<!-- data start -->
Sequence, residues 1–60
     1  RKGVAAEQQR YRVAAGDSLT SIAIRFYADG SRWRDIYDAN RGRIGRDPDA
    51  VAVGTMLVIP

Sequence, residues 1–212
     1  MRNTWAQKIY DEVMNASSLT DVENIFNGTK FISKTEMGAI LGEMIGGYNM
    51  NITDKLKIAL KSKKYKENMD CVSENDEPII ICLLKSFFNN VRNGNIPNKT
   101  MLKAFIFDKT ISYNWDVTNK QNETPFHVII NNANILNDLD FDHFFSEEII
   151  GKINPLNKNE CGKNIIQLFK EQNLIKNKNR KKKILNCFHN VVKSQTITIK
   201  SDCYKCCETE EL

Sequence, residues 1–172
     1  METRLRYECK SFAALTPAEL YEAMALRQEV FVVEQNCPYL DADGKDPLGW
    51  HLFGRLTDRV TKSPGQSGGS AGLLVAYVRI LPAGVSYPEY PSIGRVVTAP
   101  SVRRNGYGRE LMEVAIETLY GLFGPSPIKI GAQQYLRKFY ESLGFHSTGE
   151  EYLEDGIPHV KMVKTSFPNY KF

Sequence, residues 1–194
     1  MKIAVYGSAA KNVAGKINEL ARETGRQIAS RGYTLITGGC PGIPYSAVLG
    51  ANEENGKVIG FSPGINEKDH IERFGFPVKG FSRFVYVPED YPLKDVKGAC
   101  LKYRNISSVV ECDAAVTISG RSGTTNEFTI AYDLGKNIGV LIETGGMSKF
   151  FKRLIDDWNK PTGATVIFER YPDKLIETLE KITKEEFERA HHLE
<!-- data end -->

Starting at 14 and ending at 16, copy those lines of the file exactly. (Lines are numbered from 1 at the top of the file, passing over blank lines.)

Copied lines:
   151  EYLEDGIPHV KMVKTSFPNY KF

Sequence, residues 1–194
     1  MKIAVYGSAA KNVAGKINEL ARETGRQIAS RGYTLITGGC PGIPYSAVLG